As part of an OTEC 268 Information System Design class project, students conducted ergonomics and process assessments that offered insights on how Chillicothe Campus employees can make time-saving, healthy and cost-effective adjustments to their workspaces. Ergonomics involves the study of designing equipment to fit human movement in a way that enhances health and productivity.

“This is part of an ongoing focus to offer our students opportunities to apply concepts and theories they learn in the classroom to real-life situations,” said Allison White, assistant professor and coordinator of the Office Technology (OTEC) program. “The fact that we can help colleagues on campus is an added benefit, and I appreciate the cooperation of individuals in helping with this learning experience.”

Many of the adjustments are of the subtle, yet effective, variety.

“The recommended changes have helped me to be more efficient and more comfortable,” Coordinator of Student Support Martha Tanedo said. “For example, the students suggested that I change the placement of my computer mouse and how I position the phone. These are common-sense adjustments that have made my days more time-effective. The professional manner in which the students presented themselves shows the substance of the OTEC program. I believe students graduating with this degree are very marketable.”

Equipping students with professional insights and communication skills, program participants believe that this experience is preparing them for their future careers.

Angela Conkel
“Not only am I learning about ergonomics and its positive effects in the office, but I am also learning about working in group settings,” said Angela Conkel, a graduate of Triad High School in North Lewisburg. “I have learned methods of getting results such as interviewing customers to determine their needs, the requirements of the current process being used and how to improve the flow of a process so that it works for everyone involved. I am also learning how to work in a team setting, how to create flow charts and how to work with higher-management team members.”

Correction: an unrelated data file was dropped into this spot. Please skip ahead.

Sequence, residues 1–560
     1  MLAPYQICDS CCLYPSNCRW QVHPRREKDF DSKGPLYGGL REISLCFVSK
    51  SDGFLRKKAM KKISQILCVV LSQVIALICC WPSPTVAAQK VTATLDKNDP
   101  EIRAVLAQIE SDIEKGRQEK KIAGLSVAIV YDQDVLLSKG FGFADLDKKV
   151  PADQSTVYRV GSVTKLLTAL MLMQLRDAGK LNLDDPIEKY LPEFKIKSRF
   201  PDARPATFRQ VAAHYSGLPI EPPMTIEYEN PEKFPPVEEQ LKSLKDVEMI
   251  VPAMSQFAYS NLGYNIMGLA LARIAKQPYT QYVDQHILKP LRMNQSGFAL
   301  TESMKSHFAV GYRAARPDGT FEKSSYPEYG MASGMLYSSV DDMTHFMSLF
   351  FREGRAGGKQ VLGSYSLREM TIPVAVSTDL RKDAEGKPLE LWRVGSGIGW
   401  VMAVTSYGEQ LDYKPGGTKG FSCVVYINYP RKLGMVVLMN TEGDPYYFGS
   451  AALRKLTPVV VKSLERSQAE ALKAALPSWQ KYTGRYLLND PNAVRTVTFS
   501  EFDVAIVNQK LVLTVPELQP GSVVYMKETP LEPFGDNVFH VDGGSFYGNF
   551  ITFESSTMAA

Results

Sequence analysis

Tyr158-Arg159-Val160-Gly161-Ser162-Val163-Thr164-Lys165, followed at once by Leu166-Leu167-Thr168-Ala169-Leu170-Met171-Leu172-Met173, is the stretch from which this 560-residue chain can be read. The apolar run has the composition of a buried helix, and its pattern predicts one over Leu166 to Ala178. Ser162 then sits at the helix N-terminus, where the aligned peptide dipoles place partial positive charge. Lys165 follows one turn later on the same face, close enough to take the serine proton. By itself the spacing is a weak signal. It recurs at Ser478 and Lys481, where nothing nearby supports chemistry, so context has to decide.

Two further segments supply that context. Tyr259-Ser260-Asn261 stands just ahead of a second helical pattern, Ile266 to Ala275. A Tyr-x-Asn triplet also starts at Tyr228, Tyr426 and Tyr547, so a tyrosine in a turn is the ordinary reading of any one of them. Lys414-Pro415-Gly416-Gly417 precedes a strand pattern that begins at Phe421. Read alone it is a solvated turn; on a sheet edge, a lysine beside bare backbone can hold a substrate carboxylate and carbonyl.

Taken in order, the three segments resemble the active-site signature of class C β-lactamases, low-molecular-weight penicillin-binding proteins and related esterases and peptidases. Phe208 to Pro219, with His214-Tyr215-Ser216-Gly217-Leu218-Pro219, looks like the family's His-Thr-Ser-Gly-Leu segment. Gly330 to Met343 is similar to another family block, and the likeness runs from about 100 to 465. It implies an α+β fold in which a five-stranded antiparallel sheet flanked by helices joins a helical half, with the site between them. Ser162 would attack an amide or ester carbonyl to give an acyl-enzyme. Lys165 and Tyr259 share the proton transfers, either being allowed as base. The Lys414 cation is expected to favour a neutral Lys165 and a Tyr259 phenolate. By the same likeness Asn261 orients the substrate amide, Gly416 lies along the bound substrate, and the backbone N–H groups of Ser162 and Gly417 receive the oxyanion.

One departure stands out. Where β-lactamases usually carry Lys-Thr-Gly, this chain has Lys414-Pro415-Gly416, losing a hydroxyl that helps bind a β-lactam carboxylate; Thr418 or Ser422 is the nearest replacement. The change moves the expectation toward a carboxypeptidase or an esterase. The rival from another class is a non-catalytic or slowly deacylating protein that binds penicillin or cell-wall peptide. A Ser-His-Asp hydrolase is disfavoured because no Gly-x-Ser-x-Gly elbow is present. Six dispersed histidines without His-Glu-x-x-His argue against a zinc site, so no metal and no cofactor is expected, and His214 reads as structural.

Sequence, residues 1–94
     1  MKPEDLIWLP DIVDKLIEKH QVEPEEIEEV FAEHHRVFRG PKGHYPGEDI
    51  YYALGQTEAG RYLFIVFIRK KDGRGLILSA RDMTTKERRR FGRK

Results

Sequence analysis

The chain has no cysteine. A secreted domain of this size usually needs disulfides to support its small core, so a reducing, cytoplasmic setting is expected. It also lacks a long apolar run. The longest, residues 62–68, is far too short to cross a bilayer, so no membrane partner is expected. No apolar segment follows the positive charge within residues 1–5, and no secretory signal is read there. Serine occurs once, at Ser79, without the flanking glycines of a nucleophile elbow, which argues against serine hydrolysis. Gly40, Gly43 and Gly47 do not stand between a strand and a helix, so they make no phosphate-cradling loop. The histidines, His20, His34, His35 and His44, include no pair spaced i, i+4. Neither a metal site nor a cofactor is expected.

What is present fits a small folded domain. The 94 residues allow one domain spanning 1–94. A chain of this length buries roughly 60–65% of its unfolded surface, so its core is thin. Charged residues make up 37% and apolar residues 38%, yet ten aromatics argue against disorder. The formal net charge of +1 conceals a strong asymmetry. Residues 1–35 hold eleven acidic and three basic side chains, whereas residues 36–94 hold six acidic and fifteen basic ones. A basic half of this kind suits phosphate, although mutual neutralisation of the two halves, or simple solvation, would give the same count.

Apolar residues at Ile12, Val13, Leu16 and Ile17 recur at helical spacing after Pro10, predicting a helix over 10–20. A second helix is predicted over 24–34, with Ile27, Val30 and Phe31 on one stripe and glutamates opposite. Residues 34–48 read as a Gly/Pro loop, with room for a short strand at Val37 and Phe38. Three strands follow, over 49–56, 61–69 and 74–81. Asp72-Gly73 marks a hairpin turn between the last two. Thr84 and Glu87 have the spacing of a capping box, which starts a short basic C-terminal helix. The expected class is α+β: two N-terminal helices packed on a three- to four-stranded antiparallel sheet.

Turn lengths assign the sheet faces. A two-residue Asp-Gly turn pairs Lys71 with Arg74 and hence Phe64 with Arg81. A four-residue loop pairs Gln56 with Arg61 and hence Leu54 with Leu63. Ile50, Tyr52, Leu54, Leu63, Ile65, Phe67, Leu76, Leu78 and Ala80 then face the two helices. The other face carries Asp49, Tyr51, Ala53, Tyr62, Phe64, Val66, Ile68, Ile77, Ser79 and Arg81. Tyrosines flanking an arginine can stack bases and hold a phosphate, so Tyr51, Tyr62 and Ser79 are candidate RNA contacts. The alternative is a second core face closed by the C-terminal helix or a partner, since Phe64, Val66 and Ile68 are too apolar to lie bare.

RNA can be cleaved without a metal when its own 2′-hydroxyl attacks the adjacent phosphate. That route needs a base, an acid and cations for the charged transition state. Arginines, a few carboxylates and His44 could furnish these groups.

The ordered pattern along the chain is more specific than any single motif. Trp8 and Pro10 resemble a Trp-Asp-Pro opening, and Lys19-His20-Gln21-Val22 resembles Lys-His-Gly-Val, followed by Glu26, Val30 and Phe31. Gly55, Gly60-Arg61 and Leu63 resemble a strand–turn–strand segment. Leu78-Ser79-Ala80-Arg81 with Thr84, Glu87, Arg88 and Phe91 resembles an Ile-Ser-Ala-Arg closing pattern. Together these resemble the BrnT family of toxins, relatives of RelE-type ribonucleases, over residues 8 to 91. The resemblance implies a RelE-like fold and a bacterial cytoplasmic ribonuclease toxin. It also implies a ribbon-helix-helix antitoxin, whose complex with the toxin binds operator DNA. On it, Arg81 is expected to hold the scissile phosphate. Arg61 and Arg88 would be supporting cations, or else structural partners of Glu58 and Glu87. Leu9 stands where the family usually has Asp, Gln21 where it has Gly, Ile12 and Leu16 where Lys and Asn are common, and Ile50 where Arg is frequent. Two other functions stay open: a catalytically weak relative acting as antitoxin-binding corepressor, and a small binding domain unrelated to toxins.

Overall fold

LeAnna Montgomery, a graduate of Piketon High School, said, “This experience will help me in my future career because it will help diversify my resume with business analyst skills and give me an edge over the competition.

OTEC students are gaining further professional insights by hearing from professionals in the field. Olivia Morris, a staffing consultant with Preferred Staffing of Ohio, recently spoke to an Office Technology class where she discussed temporary staffing opportunities and the advantages of this type of employment in a difficult economy. She offered tips to students on job interviewing, resume-writing guidelines and the importance of being prepared and making a good first impression.

“During her presentation, Olivia spoke to students about the ‘temp to hire’ method, which is growing in popularity among employers,” White said. “This was a great subject for her to mention because employers often choose to permanently employ temporary hires after a trial run. I’m glad my students are aware of this opportunity to gain experience and access the best positions; it’s an avenue I wouldn’t want them to disregard.”

Michael Lafreniere to deliver presentation at forum on the Athens campus

Ohio University-Chillicothe faculty member Michael Lafreniere will speak at 12:10 p.m. on Nov. 3 in the Faculty Commons (room 319) of Alden Library on the Athens Campus. Lafreniere will discuss the development of a collaboratory, which is designed to enhance the student learning experience. Details about his talk, which is part of the Fall Faculty Showcase, is available in Compass, the university’s newsletter, are available at:

A story about Lafreniere’s project to develop a collaboratory at OU-C, an effort that is supported by an Ohio University Foundation 1804 Grant, was recently featured in the Chillicothe Campus’ news blog:

Zumba Extravaganza to benefit United Way

A “Zumba Extravaganza” to benefit the United Way will be held from 10 a.m. to noon on Nov. 12 in the Shoemaker Center gymnasium at Ohio University-Chillicothe. Cost is $10 at the door and $9 in advance, with advance tickets available at the Bennett Hall Information Desk during regular business hours. Instructors from Jackson, Pickaway, Pike and Ross counties will lead the session.

Hilltop Café to maintain holiday hours

Beginning Nov. 28, the Hilltop Café will be open from 8:30 a.m. to 4 p.m. Monday through Friday and will close Dec. 12 for training as well as the week between Christmas and New Years.